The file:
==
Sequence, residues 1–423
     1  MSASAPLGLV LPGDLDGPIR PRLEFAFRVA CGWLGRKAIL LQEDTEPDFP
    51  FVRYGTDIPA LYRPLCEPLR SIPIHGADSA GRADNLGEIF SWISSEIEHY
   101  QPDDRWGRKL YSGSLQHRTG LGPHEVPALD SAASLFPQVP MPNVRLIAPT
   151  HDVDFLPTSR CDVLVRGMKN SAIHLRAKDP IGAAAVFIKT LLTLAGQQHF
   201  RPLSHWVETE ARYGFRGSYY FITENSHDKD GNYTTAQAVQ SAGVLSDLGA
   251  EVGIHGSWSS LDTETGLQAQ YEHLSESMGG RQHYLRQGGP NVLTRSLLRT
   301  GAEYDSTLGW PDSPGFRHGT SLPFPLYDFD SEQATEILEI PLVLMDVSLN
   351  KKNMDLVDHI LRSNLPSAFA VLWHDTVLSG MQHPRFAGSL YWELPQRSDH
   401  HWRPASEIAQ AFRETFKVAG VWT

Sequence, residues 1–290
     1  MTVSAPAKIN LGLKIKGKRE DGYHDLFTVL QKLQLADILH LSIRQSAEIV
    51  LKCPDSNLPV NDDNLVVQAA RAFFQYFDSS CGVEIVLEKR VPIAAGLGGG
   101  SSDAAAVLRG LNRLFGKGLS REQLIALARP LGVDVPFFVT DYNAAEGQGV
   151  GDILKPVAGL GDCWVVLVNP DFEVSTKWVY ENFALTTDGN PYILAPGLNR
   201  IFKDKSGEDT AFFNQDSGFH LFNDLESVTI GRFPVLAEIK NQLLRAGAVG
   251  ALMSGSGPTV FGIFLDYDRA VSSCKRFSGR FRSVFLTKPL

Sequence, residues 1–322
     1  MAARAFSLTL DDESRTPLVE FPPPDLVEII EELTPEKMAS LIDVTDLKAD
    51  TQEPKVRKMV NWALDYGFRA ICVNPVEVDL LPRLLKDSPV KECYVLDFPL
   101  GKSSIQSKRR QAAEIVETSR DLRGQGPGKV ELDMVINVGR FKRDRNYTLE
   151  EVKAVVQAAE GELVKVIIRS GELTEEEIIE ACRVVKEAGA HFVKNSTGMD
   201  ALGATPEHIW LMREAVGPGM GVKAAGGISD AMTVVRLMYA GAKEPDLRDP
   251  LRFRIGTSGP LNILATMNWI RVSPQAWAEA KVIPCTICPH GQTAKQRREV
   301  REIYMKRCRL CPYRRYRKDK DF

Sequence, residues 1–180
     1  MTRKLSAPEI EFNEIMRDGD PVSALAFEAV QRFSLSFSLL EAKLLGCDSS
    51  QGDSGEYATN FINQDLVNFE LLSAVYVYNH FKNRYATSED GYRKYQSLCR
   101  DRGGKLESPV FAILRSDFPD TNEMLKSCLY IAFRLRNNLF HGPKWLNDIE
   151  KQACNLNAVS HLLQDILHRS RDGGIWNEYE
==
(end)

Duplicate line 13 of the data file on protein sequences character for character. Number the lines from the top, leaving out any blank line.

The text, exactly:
    51  LKCPDSNLPV NDDNLVVQAA RAFFQYFDSS CGVEIVLEKR VPIAAGLGGG